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Cohort profile: The LIFE-adult-study

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Sacher,  Julia
Clinic for Cognitive Neurology, University of Leipzig, Germany;
Department Neurology, MPI for Human Cognitive and Brain Sciences, Max Planck Society;

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Schroeter,  Matthias L.
Clinic for Cognitive Neurology, University of Leipzig, Germany;
Department Neurology, MPI for Human Cognitive and Brain Sciences, Max Planck Society;

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Villringer,  Arno
Clinic for Cognitive Neurology, University of Leipzig, Germany;
Department Neurology, MPI for Human Cognitive and Brain Sciences, Max Planck Society;

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Witte,  A. Veronica
Clinic for Cognitive Neurology, University of Leipzig, Germany;
Department Neurology, MPI for Human Cognitive and Brain Sciences, Max Planck Society;

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Citation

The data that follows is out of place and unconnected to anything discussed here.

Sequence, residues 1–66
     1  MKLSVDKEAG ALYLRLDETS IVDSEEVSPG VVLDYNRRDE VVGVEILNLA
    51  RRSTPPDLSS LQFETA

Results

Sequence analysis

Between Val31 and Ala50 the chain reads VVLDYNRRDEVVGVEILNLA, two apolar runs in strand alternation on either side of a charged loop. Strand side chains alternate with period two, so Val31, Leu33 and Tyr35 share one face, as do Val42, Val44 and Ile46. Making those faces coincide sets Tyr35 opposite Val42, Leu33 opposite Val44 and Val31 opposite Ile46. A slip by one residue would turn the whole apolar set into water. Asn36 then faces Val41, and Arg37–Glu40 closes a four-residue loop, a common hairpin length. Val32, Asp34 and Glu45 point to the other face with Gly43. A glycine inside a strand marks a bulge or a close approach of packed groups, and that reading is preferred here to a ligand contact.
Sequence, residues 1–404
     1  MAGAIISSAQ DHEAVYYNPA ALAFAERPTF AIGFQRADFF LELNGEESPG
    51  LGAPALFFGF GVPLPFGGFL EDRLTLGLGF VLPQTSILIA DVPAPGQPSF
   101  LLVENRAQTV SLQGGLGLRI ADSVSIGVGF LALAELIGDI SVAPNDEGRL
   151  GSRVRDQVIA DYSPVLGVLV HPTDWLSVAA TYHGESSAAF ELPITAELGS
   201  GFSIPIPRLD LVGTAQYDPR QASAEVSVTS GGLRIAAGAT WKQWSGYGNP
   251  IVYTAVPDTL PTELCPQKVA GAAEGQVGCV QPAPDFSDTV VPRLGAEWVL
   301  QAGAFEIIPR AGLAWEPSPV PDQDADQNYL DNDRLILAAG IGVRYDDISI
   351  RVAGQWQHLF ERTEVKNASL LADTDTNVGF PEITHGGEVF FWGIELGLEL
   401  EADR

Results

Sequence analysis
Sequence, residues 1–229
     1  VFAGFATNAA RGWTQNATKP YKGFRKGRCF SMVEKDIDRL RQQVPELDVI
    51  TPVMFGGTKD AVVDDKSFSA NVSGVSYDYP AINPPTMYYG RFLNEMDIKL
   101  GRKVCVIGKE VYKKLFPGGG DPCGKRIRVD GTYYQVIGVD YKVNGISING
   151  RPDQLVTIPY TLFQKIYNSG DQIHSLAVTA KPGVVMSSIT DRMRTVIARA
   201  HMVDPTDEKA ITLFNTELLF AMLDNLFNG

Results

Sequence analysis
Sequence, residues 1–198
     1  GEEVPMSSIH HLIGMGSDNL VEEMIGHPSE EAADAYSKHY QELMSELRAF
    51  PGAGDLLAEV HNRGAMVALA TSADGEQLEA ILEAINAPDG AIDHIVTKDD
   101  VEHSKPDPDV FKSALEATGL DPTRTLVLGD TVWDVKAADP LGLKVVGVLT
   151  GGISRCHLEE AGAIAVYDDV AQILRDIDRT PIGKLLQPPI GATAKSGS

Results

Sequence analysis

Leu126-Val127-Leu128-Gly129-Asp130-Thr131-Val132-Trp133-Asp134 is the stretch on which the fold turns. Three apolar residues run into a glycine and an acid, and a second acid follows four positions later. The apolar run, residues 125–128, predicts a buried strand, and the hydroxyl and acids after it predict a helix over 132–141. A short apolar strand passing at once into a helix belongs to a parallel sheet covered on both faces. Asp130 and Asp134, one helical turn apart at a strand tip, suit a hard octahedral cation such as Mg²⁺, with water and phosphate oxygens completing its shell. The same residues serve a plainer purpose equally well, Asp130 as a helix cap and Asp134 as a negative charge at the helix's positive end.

Engel, C., Wirkner, K., Zeynalova, S., Baber, R., Binder, H., Ceglarek, U., et al. (2022). Cohort profile: The LIFE-adult-study. International Journal of Epidemiology. doi:10.1093/ije/dyac114.


Cite as: http://hdl.handle.net/21.11116/0000-000A-951C-F
Abstract
The LIFE-Adult-Study is a population-based cohort study investigating the prevalence and incidence of common diseases and subclinical disease phenotypes, the complex interactions between genetic and lifestyle factors regarding the co-occurrence and development of subclinical phenotypes and diseases, and the role of biomarkers to predict disease initiation and progression. The study comprises an age-stratified and sex-stratified random sample of 10 000 adult individuals (aged 18–79 years) from Leipzig, Germany. The baseline assessment was conducted from August 2011 to November 2014 and the first follow-up was conducted from October 2017 to August 2021. A total of 5512 individuals completed postal follow-up questionnaires and 1799 individuals participated in a physical examination follow-up programme. The study focuses on cardiovascular and metabolic disorders, cognition and brain function, depression, sleep disorders and electroencephalography-vigilance regulation, eye diseases, voice and allergies. The assessment programme comprises physical and medical examinations, personal interviews, self-administered questionnaires, psychometric tests, and clinical chemistry from blood and urine samples (including biobank asservation).